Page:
Cerino said he was sure Police Chief Baker would be able to handle any security issues. He said he didn’t expect violent protests; people with strong objections would probably avoid the event. He added that he favors the event, and wants to support community members. “There are more of them than a lot of people know about,” he said and added that he would support it even if some people turned their backs on him because of it. He asked for a motion from the council, adding that he would vote in favor of the event.

Ingersoll said the organizers had provided most of the information necessary to issue the permits. He said a request to hang banners in the downtown area ran into a problem with trucks running into them. He suggested hanging one over High Street where the rail trail crosses the road. He said the rest of the requests were pretty routine – “We’ll work out the details once the council says yes or no.”

Foster moved to express the council’s support for the celebration and to issue the necessary permits assuming details were worked out. Kuiper seconded the motion, and Cerino joined them in the final vote to approve the event.

Following the meeting, Stetson emailed the other council members, copying the Spy, saying in part, “I am not sure I made myself clear on the opposition to the use of the park by the Midshore Pride people. I think they are making a mistake by showcasing themselves, saying look at me I am different. They should just continue to become a part of society and if asked or feel it necessary to let people know they are gay, do so on a personal basis. To equate their difference as that of being the same as the black people is wrong.  They have never been refused service at a lunch counter or not admitted to a school of their choice because they are gay.”

The motion to approve the permit passed with Cerino, Kuiper, and Foster voting in favor and Stetson and Tolliver voting against.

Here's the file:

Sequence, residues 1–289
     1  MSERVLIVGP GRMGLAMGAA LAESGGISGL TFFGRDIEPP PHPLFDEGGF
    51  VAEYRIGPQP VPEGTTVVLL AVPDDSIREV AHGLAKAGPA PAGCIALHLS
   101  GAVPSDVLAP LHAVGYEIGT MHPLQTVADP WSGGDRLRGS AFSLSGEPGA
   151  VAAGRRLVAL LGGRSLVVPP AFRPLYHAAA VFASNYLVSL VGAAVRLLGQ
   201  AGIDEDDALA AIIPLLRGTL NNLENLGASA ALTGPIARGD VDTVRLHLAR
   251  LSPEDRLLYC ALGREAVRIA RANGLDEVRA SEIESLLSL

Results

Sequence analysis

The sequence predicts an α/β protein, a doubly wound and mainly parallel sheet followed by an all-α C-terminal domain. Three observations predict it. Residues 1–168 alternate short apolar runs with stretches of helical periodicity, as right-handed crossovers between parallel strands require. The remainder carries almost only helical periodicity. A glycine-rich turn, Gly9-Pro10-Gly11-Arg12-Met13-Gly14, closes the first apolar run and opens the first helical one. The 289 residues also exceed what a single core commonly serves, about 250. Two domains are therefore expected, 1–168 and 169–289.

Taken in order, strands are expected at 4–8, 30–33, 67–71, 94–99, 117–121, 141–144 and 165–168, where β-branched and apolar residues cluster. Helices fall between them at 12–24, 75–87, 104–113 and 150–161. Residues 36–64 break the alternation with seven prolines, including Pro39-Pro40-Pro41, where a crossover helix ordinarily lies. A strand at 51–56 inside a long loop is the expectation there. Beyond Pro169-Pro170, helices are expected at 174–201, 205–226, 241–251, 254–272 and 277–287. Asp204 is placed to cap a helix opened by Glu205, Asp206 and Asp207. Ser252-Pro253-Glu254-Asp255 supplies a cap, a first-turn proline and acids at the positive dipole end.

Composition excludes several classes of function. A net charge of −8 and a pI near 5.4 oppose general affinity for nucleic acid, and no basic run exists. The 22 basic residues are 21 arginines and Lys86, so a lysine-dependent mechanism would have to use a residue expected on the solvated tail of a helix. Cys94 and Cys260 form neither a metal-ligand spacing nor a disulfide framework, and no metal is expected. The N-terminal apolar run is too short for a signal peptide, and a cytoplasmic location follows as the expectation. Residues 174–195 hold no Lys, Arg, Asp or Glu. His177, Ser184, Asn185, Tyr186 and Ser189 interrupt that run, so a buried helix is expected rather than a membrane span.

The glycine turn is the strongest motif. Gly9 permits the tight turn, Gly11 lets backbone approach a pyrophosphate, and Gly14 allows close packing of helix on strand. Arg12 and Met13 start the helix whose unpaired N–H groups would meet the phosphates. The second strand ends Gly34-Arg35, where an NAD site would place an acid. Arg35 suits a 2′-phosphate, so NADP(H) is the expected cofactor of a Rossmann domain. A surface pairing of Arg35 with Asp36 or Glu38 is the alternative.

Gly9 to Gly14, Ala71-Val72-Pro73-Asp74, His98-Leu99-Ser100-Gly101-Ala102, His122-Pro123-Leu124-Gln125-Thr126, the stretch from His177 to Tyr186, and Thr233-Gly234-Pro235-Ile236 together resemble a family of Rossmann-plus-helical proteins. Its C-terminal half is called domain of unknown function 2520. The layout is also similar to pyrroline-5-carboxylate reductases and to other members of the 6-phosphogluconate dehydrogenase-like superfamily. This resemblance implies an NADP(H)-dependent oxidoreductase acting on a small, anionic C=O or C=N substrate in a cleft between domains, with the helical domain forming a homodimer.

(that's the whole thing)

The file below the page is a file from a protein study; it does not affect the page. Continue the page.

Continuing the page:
The council then went on to discuss other matters, including a police report and the possible acquisition of a new portable town stage, which will be covered in a second Chestertown Spy report.



Letters to Editor

  1. Maybe the LGBT community is wanting to help destigmatize their gender and sexual roles as human beings sharing life on this planet?:”In recent years LGBT violence has been on the rise in the United States. In 2016, the killing of LGBT people hit a record high. The biggest act of violence occurred in Orlando when Omar Manteen attacked the Pulse nightclub in the city killing 49 and wounding 53 others.” (FBI data) Just a thought.

    • Carol Schroeder says

      Agree completely, Jim. The LGBTQ community may not have been refused service in a restaurant or admission to a school (so long has they had white skin) but they have been killed just as African Americans have been for hundreds of years. I imagine Matthew Shepard’s family wish that he HAD been just refused service at a lunch counter. Being killed is the ultimate sign of prejudice and hatred and referring to lunch counters and schools is way out of date. Our society has escalated to violence and murder. Stetson and Tolliver need to visit the Stonewall memorial park in Sheridan Square in NYC.

  2. Phil Ticknor says

    Mr. Stetson’s follow-up seemed to make the claim that gay people do not suffer from discriminatory acts … yet he also makes it clear that his no vote stemmed not from any specific aspect of this event but because he opposes the very notion of gay pride. So, a government official voting against an event simply because of what it is celebrating – not because of safety concerns or anything else. Do you not see the irony, Mr. Stetson?

  3. Denise Tontarski says

    I can’t say how sad and disappointed I am in Mr. Stetson and Mr. Tolliver and their decision to vote against the Midshore Pride Event. I didn’t realize in this day and age how “Narrowminded” public officials in Chestertown/Kent county could be. In these times, we all need to stand in solidarity and love. I could say a lot more but will decline to share how hateful this feels. Thank you to those who voted “Yes” and thank you to the organizers of this valued event.